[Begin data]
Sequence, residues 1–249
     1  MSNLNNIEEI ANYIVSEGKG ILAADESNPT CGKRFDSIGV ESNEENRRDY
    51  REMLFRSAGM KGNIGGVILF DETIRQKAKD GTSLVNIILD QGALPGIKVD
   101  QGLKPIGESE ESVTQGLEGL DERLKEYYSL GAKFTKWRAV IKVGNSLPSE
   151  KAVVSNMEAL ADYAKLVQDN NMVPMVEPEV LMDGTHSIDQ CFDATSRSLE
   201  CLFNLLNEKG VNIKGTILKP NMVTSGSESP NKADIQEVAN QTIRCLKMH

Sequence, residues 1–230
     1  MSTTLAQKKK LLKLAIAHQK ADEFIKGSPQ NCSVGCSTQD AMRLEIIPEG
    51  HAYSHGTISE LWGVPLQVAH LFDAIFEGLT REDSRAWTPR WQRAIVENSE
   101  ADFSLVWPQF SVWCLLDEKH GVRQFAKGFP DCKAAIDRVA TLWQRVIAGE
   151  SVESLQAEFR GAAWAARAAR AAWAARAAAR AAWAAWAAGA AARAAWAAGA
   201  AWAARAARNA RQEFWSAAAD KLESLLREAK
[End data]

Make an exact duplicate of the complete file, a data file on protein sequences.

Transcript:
Sequence, residues 1–249
     1  MSNLNNIEEI ANYIVSEGKG ILAADESNPT CGKRFDSIGV ESNEENRRDY
    51  REMLFRSAGM KGNIGGVILF DETIRQKAKD GTSLVNIILD QGALPGIKVD
   101  QGLKPIGESE ESVTQGLEGL DERLKEYYSL GAKFTKWRAV IKVGNSLPSE
   151  KAVVSNMEAL ADYAKLVQDN NMVPMVEPEV LMDGTHSIDQ CFDATSRSLE
   201  CLFNLLNEKG VNIKGTILKP NMVTSGSESP NKADIQEVAN QTIRCLKMH

Sequence, residues 1–230
     1  MSTTLAQKKK LLKLAIAHQK ADEFIKGSPQ NCSVGCSTQD AMRLEIIPEG
    51  HAYSHGTISE LWGVPLQVAH LFDAIFEGLT REDSRAWTPR WQRAIVENSE
   101  ADFSLVWPQF SVWCLLDEKH GVRQFAKGFP DCKAAIDRVA TLWQRVIAGE
   151  SVESLQAEFR GAAWAARAAR AAWAARAAAR AAWAAWAAGA AARAAWAAGA
   201  AWAARAARNA RQEFWSAAAD KLESLLREAK